The National Strategy on Combating Drug Abuse for 2012-17 emphasises the implementation of effective and evidence-based prevention programmes. In addition, the National Addiction Prevention Programme for Children and Youth in the Educational Settings and the Social Welfare System for 2015-17 outlines the following preventive aspects: (i) the main target audiences (pre-school children and pupils, university students, and children and young people in social care institutions); (ii) the evaluation criteria for prevention programmes for all addictive behaviours; and (iii) the standards for drug use prevention activities.
Prevention programmes in the Republic of Croatia are implemented primarily at a local community level in the 21 counties, as multidisciplinary activities with the participation of different sectors, such as education, health, social care, non-governmental organisations (NGOs) and the media. The Office for Combating Drug Abuse is the national coordinating body in the field of prevention, while the county committees ensure coordination at a local level. Prevention activities are mainly funded by the state budget and by revenues collected from gambling; the European Drug Prevention Quality Standard guidelines are increasingly used to assess the proposed projects. Interventions are carried out under the national strategy, the National Addiction Prevention Programme for Children and Youth in Educational Settings and the Social Welfare System, and the Decision on Implementing, Monitoring and Evaluating the Health Education Curriculum in Elementary and High Schools.
Prevention interventions encompass a wide range of approaches, which are complementary. Environmental and universal strategies target entire populations, selective prevention targets vulnerable groups that may be at greater risk of developing substance use problems and indicated prevention focuses on at-risk individuals.
In the field of environmental prevention, the main focus is on the control and reduction of access to alcohol and tobacco for children and young people.
Universal drug prevention is organised and implemented mainly within the education system under the oversight of the Ministry of Science and Education and follows a module-based health education curriculum. School-based prevention is primarily aimed at motivating young people to adopt healthy lifestyles, developing their self-esteem and social skills, offering alternative activities for leisure time and as a result reducing young people’s interest in experimenting with psychoactive substances.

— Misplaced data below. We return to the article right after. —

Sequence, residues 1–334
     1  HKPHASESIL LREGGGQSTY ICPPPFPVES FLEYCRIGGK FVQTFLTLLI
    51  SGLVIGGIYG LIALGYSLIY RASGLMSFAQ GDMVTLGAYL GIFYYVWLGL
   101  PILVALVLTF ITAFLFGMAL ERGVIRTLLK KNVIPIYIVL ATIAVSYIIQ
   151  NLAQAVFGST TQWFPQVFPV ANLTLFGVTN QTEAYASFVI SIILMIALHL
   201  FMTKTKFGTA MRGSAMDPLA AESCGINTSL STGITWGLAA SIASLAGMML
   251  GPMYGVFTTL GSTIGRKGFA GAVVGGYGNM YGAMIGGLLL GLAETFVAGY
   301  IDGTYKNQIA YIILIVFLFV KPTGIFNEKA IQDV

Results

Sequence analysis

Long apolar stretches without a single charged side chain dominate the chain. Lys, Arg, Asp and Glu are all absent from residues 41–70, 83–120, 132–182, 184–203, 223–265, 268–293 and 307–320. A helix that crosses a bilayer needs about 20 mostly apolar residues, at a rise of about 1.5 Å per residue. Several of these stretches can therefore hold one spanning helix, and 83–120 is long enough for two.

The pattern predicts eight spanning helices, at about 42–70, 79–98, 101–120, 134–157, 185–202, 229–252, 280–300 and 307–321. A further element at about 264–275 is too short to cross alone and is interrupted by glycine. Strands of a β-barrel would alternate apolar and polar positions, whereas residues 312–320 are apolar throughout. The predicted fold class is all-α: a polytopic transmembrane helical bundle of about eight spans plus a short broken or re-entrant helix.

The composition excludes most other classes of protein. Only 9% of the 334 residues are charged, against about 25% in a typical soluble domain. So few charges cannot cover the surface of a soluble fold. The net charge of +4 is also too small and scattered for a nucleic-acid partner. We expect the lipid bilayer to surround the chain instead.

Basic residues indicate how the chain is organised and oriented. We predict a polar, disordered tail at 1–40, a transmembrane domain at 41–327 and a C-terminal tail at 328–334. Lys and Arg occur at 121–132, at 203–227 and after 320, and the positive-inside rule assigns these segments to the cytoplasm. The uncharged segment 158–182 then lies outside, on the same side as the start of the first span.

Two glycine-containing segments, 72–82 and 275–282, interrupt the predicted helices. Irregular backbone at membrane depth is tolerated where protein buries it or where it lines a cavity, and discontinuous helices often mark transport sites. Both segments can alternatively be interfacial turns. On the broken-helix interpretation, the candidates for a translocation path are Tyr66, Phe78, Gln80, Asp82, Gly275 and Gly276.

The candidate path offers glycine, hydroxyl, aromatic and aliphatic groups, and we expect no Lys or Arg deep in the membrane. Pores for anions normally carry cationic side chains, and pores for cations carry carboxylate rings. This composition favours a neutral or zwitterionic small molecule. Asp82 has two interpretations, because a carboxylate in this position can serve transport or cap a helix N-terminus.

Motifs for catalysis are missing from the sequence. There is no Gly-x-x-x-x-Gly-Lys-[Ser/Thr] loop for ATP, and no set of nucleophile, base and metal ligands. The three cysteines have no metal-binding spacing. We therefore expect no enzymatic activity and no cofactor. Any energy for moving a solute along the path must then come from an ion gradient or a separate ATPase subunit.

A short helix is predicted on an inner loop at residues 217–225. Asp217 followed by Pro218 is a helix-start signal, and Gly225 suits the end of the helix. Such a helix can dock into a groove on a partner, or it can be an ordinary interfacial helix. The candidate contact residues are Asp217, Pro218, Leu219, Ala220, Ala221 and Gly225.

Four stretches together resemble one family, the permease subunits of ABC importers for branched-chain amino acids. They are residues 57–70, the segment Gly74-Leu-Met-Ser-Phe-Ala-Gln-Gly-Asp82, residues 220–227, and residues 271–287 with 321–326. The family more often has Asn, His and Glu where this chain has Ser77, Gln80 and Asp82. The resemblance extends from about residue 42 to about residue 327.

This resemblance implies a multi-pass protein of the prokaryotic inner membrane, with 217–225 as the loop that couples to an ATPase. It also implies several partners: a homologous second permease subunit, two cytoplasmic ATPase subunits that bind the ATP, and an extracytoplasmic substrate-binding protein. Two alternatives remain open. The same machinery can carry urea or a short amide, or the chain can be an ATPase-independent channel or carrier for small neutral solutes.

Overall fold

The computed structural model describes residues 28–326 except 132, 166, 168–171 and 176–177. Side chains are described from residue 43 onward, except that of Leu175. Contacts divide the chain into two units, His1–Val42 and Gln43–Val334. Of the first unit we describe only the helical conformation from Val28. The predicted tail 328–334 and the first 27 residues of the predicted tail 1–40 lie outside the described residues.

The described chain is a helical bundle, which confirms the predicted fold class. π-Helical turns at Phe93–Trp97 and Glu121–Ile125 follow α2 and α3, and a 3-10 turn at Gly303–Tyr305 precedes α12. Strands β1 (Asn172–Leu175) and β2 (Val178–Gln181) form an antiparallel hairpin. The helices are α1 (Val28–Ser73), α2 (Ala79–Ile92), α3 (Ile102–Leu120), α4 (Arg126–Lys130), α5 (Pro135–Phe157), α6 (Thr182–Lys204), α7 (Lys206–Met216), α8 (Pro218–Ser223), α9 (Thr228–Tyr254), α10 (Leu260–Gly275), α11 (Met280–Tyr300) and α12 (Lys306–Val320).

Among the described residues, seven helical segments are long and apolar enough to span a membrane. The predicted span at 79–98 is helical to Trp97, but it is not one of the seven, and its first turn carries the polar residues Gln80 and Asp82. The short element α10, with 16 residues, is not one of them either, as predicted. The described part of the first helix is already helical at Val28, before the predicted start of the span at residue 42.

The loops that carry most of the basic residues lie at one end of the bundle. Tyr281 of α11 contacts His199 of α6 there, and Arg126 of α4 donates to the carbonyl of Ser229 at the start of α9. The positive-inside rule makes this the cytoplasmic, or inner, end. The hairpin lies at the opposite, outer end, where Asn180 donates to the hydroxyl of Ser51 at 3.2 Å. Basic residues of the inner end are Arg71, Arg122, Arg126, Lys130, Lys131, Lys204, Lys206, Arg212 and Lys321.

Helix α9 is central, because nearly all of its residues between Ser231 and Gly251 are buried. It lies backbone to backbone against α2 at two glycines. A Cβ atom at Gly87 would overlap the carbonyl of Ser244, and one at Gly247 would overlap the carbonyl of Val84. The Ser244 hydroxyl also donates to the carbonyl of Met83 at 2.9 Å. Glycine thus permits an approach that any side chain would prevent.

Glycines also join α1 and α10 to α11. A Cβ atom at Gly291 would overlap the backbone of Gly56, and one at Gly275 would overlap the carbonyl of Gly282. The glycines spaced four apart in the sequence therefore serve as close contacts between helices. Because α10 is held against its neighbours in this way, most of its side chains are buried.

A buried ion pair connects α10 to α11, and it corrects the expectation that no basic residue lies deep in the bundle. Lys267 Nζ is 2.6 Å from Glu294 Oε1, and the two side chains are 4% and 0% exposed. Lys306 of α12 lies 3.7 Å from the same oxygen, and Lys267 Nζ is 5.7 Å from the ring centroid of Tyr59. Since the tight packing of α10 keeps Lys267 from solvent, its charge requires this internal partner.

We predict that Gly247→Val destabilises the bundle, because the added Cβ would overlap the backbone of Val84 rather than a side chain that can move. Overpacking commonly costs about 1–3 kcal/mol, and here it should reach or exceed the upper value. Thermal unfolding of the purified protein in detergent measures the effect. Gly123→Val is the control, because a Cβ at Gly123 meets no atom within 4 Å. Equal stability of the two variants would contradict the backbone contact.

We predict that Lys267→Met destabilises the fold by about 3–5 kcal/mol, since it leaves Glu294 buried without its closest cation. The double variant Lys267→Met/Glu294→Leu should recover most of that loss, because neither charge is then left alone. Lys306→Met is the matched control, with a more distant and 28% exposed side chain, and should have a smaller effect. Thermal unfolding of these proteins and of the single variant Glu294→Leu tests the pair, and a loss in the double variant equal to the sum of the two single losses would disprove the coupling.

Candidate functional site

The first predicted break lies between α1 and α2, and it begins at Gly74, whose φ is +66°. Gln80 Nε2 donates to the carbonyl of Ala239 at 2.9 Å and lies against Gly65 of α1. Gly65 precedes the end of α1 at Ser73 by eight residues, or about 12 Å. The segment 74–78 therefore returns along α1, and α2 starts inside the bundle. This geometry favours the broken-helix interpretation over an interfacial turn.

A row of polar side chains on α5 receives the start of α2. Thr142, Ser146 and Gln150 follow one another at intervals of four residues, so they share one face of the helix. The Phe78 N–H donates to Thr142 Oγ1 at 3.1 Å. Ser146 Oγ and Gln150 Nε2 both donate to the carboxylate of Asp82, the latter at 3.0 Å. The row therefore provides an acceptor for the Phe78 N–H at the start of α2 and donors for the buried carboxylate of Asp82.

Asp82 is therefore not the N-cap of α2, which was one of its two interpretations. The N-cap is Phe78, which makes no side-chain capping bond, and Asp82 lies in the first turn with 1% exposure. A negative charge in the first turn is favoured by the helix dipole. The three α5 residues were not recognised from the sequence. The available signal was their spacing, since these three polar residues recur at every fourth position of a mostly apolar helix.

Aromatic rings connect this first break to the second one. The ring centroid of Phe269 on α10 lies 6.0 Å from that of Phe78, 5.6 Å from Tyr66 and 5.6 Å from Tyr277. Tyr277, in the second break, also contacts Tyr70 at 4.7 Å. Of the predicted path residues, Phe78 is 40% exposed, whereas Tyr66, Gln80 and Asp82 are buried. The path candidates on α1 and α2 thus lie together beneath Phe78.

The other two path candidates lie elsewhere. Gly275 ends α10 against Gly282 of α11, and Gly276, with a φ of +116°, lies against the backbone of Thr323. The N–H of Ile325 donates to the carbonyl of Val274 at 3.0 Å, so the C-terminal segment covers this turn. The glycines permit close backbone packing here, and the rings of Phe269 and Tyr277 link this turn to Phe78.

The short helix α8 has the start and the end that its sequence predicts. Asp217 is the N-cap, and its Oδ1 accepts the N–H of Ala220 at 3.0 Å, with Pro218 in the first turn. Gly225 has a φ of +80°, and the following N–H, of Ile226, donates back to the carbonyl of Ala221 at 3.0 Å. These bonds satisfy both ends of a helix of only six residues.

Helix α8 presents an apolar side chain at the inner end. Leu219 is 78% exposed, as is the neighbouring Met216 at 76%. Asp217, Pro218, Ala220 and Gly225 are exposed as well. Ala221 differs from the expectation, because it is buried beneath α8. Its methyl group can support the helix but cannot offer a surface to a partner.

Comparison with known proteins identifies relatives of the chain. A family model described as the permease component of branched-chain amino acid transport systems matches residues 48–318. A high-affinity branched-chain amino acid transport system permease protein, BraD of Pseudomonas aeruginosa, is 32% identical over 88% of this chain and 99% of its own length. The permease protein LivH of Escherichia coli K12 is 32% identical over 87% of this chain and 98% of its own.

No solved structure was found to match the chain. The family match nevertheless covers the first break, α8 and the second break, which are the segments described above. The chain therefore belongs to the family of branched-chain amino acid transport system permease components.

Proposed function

Family-oriented prevention activities are implemented by local organisations and focus on strengthening parenting skills. At a community level, youth clubs and NGOs offer numerous educational activities during young people’s leisure time, using peer education methods or proposing alternative, positive behavioural models for leisure activities. There has recently been a shift in universal prevention strategies from primarily information provision and mass media campaigns towards more skills-based prevention activities. In recent years, well-respected international programmes such as Unplugged, the Life-Skills Training Programme, Communities that Care and Promoting Alternative Thinking Strategies have been implemented in Croatia. Particular attention is given to the evaluation of these programmes.
Selective prevention is implemented through cooperation between NGOs, public health centres and social welfare centres. Activities in this area focus on vulnerable families, such as those with parents in prison or parents with drug use problems, and minority communities (such as the Roma community). Within the educational context, they are aimed at children who have special needs, are in children’s homes, are from high-risk families or have learning problems. These programmes mainly reinforce the need for a healthy lifestyle and emphasise risk reduction, promoting the role of parenting and providing alternative leisure activities for young people at high risk of substance use. Indicated prevention targets young people who are experimenting with drugs and who are in contact with social welfare centres or public health institutions.